I'm lucky enough to have my grandmother in a group home just two miles away. I like to visit as often as I can (usually two or three times a week) and I could use some suggestions for things to do with her when I visit. At the moment she seems to live in her own world at least half the time, meaning she tells me about things that seem to be happening in her mind more than what's going on in reality. I would say around 3/4 of the time she can interact with us and have a conversation. Lucky she always seems to be in a good mood and is nice to everyone most of the time (I think a big part of that is the fact she has a great caregiver). Her hand tends to shake a lot and though she can usually use silverware, there are times she can't. She is wheelchair bound and tends to be very slow and lose her train of thought.
Up until now one of the things we enjoy the most is to go for a walk and see the other yards/flowers and talk, but we're starting to get to the time of year that's not something we can really do (we live in AZ and it's just getting too hot and the UV rating is too high). *As a side note, her caregiver told me that she tends to do worse after I take her out, sometimes even into the next day, does anyone know why that would be? I hate thinking of her stuck inside all the time, but maybe it would really be best.* Usually we do jigsaw puzzles (or we try, she tends to just kind of stare at the board sometimes) but I would really like to come up with something else I can do with her besides watching tv and jigsaw puzzles. I really think it would help her to do something a bit different, but maybe that's just me thinking I would get bored with it. The last time I went I brought bubbles with me and we played with them in the backyard in the shade, and she seemed to enjoy that even though I had to hold the wand for her. I'm hoping you guys might have some other ideas for me.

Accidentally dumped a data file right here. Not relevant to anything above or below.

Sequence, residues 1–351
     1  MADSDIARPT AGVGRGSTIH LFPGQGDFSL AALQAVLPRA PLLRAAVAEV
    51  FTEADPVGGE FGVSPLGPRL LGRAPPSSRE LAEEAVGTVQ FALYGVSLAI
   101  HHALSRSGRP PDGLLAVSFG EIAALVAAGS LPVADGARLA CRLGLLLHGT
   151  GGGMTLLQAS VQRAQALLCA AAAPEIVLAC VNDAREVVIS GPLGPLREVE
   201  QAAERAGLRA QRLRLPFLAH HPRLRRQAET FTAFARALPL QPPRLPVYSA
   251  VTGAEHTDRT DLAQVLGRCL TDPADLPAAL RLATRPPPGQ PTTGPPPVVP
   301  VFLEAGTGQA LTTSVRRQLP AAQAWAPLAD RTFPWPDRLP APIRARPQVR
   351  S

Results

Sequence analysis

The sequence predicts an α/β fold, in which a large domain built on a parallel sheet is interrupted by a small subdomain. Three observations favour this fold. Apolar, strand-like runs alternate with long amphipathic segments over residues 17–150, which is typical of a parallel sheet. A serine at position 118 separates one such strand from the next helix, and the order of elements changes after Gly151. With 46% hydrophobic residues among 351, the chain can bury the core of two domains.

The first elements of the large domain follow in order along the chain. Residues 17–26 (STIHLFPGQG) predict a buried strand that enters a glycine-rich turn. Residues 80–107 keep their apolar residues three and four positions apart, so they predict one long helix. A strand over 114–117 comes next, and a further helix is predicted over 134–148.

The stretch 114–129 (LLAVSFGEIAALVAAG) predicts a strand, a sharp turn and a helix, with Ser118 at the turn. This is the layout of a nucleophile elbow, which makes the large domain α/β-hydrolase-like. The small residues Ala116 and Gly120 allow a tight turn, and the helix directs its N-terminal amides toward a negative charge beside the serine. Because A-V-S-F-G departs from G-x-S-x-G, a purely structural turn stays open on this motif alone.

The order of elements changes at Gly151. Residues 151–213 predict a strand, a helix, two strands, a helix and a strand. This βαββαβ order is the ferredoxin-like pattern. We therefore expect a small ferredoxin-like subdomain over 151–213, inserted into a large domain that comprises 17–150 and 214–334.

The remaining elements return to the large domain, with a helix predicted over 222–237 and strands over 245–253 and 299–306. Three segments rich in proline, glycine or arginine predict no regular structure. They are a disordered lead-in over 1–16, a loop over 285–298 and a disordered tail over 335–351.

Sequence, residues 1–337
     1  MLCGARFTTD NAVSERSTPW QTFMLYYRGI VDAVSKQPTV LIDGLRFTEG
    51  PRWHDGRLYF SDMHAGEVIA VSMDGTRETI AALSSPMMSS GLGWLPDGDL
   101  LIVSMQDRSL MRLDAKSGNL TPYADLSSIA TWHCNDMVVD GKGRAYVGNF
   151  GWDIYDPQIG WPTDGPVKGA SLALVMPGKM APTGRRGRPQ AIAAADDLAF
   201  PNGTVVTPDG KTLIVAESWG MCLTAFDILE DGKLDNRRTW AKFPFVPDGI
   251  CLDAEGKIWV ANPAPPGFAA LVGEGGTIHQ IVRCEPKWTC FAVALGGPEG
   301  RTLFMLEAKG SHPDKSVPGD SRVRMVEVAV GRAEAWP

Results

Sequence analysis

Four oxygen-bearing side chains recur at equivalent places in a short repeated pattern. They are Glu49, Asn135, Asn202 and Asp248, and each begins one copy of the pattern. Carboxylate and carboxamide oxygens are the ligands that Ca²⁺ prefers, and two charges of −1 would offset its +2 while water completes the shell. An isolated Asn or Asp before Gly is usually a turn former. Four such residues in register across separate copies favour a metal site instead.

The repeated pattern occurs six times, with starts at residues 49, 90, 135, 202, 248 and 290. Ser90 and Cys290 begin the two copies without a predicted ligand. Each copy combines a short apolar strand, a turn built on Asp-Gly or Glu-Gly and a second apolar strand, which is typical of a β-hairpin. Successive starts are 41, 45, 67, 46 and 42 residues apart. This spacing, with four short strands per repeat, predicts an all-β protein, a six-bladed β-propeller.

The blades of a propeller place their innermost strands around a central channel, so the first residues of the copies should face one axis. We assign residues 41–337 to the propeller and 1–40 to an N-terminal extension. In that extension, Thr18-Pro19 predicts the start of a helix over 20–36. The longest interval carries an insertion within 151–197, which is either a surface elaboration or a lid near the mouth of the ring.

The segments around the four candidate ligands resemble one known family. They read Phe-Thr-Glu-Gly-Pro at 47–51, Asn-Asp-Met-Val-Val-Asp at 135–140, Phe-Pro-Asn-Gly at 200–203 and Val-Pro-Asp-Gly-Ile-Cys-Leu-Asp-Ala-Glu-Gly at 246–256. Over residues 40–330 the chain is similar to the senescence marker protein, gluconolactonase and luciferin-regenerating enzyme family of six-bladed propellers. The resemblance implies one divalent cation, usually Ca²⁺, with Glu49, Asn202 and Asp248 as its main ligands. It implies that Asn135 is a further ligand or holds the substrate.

On a related note, she has said more than once that she would like to help out around the house, but I can't really think of something that would be safe for her. She can't really carry things and she can't move her wheelchair herself. I do think if she could do something to help our she would feel better and more useful. Any ideas on something I could suggest?
To be honest I don't know as much about Dementia as I should (though if someone has a good site I would be grateful). I've tried looking around online but I always get overwhelmed. I know she still knows who is who when people come to visit, so I don't think she has Alzheimer. The caregiver told me that it's important not to correct her when she tells me something that isn't true, or when she tells me things like how she wants to buy a car. Is there anything else like this I should know?

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Thanks everyone so much! You have no idea how much all this helps!

@countrymouse I'm sorry, I should have been more clear. When I said we would go for walks what I meant was that I would push her in her wheelchair around outside. She doesn't have the strength in her legs to walk. Right now (and probably for the next month or so) it's usually safe to go out until about 10, after that the UV rating starts to shoot up and between how thin her skin is (does that affect how much sun damage would happen? I don't know, but it seems like it should) and how pale she is staying inside most of the time I don't think it would be worth risking. But I love the idea of singing, that might be just the right thing if I can word it in such a way to make it sound like she would be helping me and not the other way around.

@jeannegibbs Before we moved her to this group home (which is basically just a normal resident home with a caregiver that lives in house and between 1-5 people living with them, right now there are 3 residents) we would do like you're talking about and walk around inside the center she was in. I love the idea about the socks, and if we do that then maybe she will feel like she's adding something to the household. Sometimes I'll bring up Kitten Academy for her on my phone (great live stream of kittens being fostered) but I have to be careful about that because sometimes she will start asking me to get her a kitten. I tried to get her an adult coloring book and even tried to color with her, but she got upset thinking I was treating her like a child.

Thank you all again, it means so much to me.
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Those were great answers. For sorting, sorting cards by suit and then putting in order is good
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I remembered one other thing. I bought my mother a realistic baby doll (baby size, but more of a toddler look.) I had no idea how she would react to it. She didn't cuddle it or talk to it, etc. but she was very proud of owning it and she loved to see it dressed. She could not dress it herself. About once a month I brought in a seasonal dress and changed her outfit. (I love to sew, and I also bought baby dresses at a thrift store.) Then doll sat on display. I discovered Mom liked bright, glittery clothes -- the gaudier the better! So that was an activity we did together occasionally.